But what makes Observe and Report so disturbing is the environment that Hill has created around Barnhardt and that environment’s relation to the security guard. Although most of the film’s other characters treat him as a harmless nut or as an unavoidable irritant, several view him in a considerably more positive light: his underlings look up to him, while a born-again coffee shop worker looks at him with romantic yearning. But even setting these exceptions aside, the filmmaker has crafted a world where it is possible for such an obviously unhinged figure to function, a world where Barnhardt may not be liked, but he’s at least indulged. Working within the comedic genre, Hill has a certain leeway for free play with his film’s sense of reality and the project requires that he provide his character with sufficient room to maneuver in order to maximize a given scene’s comic potential, but it nonetheless remains deeply unsettling when we’re asked to watch Barnhardt – to cite one of many examples – go back behind the counter of a coffee shop, mercilessly beat the manager and walk away unpunished.
It’s almost as if the film shares its character’s delusions. As they become more and more severe, Hill becomes more and more indulgent, even to the point where he seems to buy into Barnhardt’s belief in his own superhuman physical capabilities. In one scene, the security guard, who has aspirations to become a policeman, weasels his way into a ride-along with an unwitting officer and as punishment for his unwanted presence, the cop drops him off at the city’s most notorious crack spot and drives away. Threatened with a gun to the head by a local dealer, Barnhardt manages to not only escape from the bind, but to kill three men and bring in a child dealer on a citizen’s arrest. Again, since the scene is mostly played for laughs, we may be expected to indulge the director in a certain suspension of disbelief, but the action is so farfetched and the film, despite its comic orientation, so darkly attuned to character that this bit of “heroism” seems less like a plausible event in the film’s reality and more a fantasy playing out in Barnhardt’s head.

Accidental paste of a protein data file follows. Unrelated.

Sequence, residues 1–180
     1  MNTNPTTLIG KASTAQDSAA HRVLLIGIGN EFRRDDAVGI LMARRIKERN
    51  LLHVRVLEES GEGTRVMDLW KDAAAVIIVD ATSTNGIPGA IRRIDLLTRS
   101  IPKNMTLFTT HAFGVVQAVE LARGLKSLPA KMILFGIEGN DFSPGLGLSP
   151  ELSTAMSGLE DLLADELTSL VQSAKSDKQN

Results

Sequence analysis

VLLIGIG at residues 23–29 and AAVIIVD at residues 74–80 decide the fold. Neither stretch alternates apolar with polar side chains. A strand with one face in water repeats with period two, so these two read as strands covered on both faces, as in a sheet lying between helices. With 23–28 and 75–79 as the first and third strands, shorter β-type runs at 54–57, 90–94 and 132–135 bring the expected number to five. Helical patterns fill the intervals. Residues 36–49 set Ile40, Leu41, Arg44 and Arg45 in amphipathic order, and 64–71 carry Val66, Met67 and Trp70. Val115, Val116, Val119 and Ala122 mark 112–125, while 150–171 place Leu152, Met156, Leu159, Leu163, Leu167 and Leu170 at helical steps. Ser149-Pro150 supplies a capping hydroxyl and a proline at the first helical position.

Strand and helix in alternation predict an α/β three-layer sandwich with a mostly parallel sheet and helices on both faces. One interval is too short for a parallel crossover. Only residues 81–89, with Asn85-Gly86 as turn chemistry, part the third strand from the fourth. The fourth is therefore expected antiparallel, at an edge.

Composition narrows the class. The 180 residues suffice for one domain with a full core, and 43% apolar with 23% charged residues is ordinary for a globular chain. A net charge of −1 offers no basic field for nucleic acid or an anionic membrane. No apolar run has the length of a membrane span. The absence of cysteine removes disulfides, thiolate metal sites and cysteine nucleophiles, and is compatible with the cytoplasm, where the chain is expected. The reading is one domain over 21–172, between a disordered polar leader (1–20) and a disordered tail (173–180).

Which brings us to the film’s conclusion. Fired from his security job, rejected by the police force for failing a psychological test (the film’s sense of reality seemingly catching up with the character’s insanity), Barnhardt turns full-on vigilante in order to nab a flasher that has been terrorizing the mall. Finally catching up with the perp after a long chase (in an uncomfortable bit of comedy, the naked man’s fat flesh and undersized penis are fully visible throughout), he pulls out his pistol and shoots him at close range, although the flasher survives his wounds. Walking out triumphant, Barnhardt heads over to the police department to lord it over the men who rejected him, then happily engages in an interview with a local television station and leaves the scene with a new girlfriend in tow, fully rewarded for his questionable actions.
There are three ways to read this ending, none of them entirely satisfying. If we take it on the surface level – and it is wholly possible to do so – then the film is quite clearly as insane as its lead character. Basically, a civilian man pulls out a gun and shoots a flasher (a rather petty criminal in the grand scheme of things) in the middle of a crowded mall and rather than being arrested for attempted murder, he’s treated as a hero. Even when he goes over to the police station, the officers continue to indulge him, showing him begrudging admiration despite his employment of extreme, extra-legal means. Just when the film was beginning to properly situate Barnhardt in some sort of punitive context, he’s granted instead a form of redemption, through the completely unnecessary and wholly irresponsible discharge of a firearm.